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No “Heavy Presumption” of “Ordinary Meaning” for Claim Term

September 14, 2004
DeCosta III Ph.D., Frank A.

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Last Month at the Federal Circuit - October 2004

Judges: Michel (author), Newman, and Bryson

In Iredeto Access, Inc. v. Echostar Satellite Corp., No. 04-1154 (Fed. Cir. Sept. 14, 2004), the Federal Circuit affirmed the district court’s grant of SJ of noninfringement.

This opinion is another in a string of Federal Circuit decisions weighing in on when claim terms are entitled to their ordinary meaning versus when terms should be restricted to other meanings. Notwithstanding the Court’s line of cases holding that there is a heavy presumption that claim terms should be given their ordinary meaning, the Court here ruled that a claim term was not entitled to its ordinary meaning when it has been defined in the specification by implication.

At issue was the term “group” used in claims directed to an encryption system for broadcasting satellite programming to subscribers. The patent owner argued that a “group” could include all of the subscribers in the system. The accused infringer, however, argued that a “group” is a subset of all the subscribers. Because of uncontested evidence at the district court, if a “group” is less than all subscribers, then there is no infringement. The district court construed “group” to refer to a subset of all subscribers and granted SJ of noninfringement.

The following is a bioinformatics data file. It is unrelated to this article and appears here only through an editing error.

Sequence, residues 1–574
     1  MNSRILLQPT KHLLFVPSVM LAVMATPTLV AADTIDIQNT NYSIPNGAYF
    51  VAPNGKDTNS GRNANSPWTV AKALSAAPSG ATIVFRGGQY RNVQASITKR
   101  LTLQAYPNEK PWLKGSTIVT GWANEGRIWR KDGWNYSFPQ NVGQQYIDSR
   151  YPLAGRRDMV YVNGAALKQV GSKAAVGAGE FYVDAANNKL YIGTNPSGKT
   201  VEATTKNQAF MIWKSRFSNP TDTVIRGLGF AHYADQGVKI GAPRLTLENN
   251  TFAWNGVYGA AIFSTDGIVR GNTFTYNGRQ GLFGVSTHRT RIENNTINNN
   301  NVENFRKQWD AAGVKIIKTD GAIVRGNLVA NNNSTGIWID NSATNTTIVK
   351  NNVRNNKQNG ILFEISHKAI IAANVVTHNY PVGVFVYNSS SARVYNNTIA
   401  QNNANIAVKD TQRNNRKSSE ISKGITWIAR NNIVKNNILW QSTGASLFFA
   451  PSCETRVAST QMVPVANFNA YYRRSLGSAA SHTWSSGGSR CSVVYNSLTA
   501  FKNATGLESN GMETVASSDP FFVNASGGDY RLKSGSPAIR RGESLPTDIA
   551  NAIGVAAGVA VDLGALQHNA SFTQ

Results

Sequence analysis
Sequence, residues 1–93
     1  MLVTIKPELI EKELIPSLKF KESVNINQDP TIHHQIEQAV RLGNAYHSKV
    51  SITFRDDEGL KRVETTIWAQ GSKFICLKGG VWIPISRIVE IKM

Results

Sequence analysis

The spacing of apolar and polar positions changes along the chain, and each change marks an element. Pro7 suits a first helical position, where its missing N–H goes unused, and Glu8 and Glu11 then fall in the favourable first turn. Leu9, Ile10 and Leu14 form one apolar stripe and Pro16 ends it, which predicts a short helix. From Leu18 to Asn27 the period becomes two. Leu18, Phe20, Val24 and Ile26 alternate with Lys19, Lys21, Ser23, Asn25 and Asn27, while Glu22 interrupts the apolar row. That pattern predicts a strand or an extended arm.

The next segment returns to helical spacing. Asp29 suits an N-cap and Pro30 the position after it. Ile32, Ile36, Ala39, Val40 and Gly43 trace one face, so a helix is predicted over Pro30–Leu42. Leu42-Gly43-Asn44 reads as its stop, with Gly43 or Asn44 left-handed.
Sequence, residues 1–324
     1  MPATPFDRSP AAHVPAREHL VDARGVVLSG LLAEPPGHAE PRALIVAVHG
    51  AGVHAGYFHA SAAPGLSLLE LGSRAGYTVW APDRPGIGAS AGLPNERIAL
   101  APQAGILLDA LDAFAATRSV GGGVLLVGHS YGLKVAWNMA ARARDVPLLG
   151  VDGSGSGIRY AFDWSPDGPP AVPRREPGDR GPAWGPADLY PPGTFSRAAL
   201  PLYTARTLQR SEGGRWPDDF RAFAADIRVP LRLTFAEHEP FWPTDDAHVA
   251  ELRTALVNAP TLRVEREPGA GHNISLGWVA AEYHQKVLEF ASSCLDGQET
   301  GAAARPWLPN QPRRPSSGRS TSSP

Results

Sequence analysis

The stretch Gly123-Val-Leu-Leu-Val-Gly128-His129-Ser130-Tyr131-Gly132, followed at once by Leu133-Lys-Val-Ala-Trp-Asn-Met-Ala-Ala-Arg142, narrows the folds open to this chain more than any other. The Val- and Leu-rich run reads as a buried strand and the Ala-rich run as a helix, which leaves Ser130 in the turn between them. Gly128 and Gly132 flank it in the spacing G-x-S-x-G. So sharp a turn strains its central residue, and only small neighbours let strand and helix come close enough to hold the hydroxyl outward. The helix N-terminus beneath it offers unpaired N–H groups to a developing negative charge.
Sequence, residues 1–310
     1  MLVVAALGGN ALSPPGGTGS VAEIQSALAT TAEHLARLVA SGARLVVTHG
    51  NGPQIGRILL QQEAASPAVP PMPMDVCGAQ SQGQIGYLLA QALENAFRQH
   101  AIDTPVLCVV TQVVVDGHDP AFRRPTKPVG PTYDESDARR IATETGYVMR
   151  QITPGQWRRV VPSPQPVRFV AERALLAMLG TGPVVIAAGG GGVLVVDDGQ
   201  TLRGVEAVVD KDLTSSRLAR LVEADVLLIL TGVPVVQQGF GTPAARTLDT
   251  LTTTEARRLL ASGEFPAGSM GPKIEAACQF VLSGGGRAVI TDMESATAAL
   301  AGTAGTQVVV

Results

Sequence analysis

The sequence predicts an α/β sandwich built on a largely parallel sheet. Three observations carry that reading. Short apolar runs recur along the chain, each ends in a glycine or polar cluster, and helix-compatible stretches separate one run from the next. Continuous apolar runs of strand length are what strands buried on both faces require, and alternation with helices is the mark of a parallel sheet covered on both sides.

The Federal Circuit affirmed, holding that the patentee had given up the more inclusive meaning of “group.” Looking at the prosecution history, the Court found that applicant took the position that “group” had no accepted meaning in the art and asserted that its definition was apparent from the specification. The Court found that every group in the specification is a subset of all of the subscribers and that there is no disclosure of a group that includes all subscribers. Accordingly, the Court found that although “the specification does not contain any statements of explicit disavowal or words of manifest exclusion, it repeatedly, consistently, and exclusively uses ‘group’ to denote fewer than all subscribers, manifesting the patentee’s clear intent to so limit the term.” Slip op. at 14. The Court concluded that the patentee’s intent to rely on the patent specification to define a “group” took this case out of the regime of cases where there is a heavy presumption that claim terms are accorded their ordinary meaning.